Aldridge, Jesse Philmore 05 1900 (has links)
No description available.

An analysis of secondary radiation doses in a South African neonatal high care unit

Feeney, Donovan L. January 2019 (has links)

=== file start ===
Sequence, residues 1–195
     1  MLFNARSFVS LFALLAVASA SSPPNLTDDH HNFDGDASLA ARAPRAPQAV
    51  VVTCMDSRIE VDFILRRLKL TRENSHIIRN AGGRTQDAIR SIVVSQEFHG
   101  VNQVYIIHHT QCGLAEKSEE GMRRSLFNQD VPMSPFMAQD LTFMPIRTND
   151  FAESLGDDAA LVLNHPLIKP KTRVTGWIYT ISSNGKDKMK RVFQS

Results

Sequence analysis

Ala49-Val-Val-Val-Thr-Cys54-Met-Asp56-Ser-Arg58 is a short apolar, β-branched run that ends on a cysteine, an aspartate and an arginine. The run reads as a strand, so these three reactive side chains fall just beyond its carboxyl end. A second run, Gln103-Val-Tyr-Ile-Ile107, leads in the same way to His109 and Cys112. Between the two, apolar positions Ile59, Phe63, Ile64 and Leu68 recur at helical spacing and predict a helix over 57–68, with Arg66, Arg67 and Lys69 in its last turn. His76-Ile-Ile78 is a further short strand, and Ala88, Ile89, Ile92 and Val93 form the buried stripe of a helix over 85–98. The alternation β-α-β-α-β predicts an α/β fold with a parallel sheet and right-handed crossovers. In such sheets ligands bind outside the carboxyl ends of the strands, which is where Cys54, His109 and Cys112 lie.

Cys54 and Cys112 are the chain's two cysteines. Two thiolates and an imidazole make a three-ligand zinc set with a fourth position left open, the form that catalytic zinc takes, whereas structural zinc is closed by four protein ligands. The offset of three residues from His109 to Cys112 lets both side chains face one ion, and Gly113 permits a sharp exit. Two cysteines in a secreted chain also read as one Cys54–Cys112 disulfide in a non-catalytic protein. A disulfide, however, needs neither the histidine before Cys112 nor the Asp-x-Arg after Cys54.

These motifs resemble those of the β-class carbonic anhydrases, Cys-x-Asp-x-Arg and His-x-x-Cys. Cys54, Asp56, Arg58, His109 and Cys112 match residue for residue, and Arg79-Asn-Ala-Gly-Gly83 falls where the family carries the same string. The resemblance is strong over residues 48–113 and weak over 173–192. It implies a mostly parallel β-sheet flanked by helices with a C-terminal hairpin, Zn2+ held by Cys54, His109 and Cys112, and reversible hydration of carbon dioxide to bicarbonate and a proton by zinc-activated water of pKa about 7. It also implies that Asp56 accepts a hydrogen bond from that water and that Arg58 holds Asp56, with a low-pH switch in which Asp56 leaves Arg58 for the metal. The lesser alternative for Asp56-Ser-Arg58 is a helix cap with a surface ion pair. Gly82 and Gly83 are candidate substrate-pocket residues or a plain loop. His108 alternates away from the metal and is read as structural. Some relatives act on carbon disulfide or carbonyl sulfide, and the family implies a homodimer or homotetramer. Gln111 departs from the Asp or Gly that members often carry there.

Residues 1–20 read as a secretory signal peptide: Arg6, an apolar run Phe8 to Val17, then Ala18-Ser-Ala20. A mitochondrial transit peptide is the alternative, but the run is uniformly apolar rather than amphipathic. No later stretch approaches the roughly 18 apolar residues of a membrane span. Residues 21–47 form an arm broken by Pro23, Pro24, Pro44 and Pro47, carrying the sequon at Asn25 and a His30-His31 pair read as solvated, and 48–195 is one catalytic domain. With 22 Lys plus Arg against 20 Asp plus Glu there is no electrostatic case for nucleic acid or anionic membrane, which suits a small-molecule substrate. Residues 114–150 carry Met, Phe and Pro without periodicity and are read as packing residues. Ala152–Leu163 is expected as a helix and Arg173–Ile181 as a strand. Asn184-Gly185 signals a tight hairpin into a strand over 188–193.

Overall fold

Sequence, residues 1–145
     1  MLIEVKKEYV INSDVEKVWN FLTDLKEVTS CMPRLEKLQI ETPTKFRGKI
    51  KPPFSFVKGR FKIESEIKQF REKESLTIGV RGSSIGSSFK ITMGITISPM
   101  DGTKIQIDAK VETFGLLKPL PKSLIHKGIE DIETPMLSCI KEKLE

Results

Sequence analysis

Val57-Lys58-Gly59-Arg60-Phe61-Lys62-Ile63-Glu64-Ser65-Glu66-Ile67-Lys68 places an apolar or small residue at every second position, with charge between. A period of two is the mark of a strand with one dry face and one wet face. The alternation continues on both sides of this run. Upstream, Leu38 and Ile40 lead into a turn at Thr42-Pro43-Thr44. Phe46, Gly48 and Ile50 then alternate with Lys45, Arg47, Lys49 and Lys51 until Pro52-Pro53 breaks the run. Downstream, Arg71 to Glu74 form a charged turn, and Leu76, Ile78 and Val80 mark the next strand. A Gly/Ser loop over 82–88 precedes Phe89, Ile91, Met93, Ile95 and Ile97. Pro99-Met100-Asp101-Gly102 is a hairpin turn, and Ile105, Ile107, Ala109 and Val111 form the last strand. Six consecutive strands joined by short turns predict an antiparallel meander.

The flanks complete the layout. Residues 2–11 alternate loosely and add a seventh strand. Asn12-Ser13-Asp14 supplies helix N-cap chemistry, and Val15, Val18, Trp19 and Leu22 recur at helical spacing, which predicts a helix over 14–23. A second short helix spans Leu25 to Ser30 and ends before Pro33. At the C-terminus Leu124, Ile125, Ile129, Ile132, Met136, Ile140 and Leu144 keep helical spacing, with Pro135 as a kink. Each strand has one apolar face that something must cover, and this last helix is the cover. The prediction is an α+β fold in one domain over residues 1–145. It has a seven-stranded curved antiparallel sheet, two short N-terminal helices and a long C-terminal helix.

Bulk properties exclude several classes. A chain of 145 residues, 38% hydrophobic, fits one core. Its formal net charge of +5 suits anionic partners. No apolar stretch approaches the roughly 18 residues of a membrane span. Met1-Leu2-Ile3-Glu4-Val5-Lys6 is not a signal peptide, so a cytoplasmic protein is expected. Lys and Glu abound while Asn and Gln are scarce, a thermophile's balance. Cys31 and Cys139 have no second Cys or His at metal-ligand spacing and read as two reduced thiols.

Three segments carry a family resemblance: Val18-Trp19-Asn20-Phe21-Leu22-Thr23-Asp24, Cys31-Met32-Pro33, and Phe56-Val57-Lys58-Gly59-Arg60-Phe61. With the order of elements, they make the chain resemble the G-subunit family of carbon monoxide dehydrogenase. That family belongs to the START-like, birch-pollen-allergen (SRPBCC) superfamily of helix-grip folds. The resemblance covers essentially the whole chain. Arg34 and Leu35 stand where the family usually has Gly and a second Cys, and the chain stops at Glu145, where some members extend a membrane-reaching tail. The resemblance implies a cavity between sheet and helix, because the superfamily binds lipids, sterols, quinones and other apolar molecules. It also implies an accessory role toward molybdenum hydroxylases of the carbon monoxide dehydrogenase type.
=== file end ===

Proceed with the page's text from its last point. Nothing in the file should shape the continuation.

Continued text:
A research report submitted to the Faculty of Health Sciences, University of the Witwatersrand, Johannesburg, in partial fulfillment of the requirements for the degree of Master of Medicine in Diagnostic Radiology Johannesburg 2019 / Introduction: Neonates in a neonatal ICU or high care unit are a high-risk population. Besides a vulnerability to medical and surgical conditions, which often require radiological investigation, they are also at risk from the effects of radiation used in imaging. These risks increase with radiation dose. Numerous studies have assessed the dose due to primary radiation, however few have assessed the secondary radiation dose, and none have quantified the dose over time. Aim: To quantify the secondary radiation dose in our neonatal high care unit in order to determine if additional protective measures from secondary radiation are necessary. Method: A prospective analytic study was undertaken using multiple thermoluminescent devices in a cubicle of a neonatal high care unit, and control dosimeters outside the unit. Dosimeters were deployed for a 4 week period. Simultaneously, data was collected on patient numbers, and the X-rays performed in the unit. Results were compared to reference ranges for primary and secondary radiation (2-3 mSv per annum). Results: The average secondary radiation dose was 0.108mGy (p=0.6553) over 4 weeks, less than the expected background radiation dose of 0.17 – 0.25mGy. There was a large number of patients moving through the unit during the study period (89), with an average of 14 patients in the unit at a time, however this did not result a large number of X-ray exposures. Twenty one percent of patients were in the unit for less than a day, and 49 % were admitted for less than 3 days. Sixteen patients (18%) had X-ray investigations, with a total of 21 investigations and 30 exposures. Thirty percent of primary radiation dose was due to repeat exposures. Patients receiving X-rays had an average of 2 X-ray examinations (range: 1 to 4 studies) performed, with an average Entrance Skin Dose of 196.7µSv (0.197mGy) – range 77 to 554µSv (0.077mGy to 0.554mGy). There was no statistically significant difference between weeks or zones (p=0.1060 and p=0.8237 respectively), and differences in primary radiation doses was likely due to chance. Conclusion: Additional measures to protect patients in the unit from secondary radiation are unnecessary. There was a low probability of patients having a radiological investigation in the neonatal high care unit, and secondary radiation doses were not measurably higher than background radiation. / TL (2019)